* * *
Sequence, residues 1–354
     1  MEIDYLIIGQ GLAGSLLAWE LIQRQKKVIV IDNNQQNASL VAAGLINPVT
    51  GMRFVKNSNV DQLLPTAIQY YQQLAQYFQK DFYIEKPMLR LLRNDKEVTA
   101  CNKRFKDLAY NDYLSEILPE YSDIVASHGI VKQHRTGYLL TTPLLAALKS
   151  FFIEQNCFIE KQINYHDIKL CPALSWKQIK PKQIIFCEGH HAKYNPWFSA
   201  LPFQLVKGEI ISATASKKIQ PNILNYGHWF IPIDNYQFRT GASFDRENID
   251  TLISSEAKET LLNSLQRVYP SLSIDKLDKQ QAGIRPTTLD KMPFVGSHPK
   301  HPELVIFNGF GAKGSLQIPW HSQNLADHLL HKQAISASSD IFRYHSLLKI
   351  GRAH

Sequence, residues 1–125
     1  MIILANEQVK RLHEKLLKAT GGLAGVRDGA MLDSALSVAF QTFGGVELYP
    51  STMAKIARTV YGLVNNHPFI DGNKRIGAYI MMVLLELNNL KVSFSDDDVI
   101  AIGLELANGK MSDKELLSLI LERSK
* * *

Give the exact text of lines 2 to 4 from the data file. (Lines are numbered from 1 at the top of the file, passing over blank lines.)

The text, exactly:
     1  MEIDYLIIGQ GLAGSLLAWE LIQRQKKVIV IDNNQQNASL VAAGLINPVT
    51  GMRFVKNSNV DQLLPTAIQY YQQLAQYFQK DFYIEKPMLR LLRNDKEVTA
   101  CNKRFKDLAY NDYLSEILPE YSDIVASHGI VKQHRTGYLL TTPLLAALKS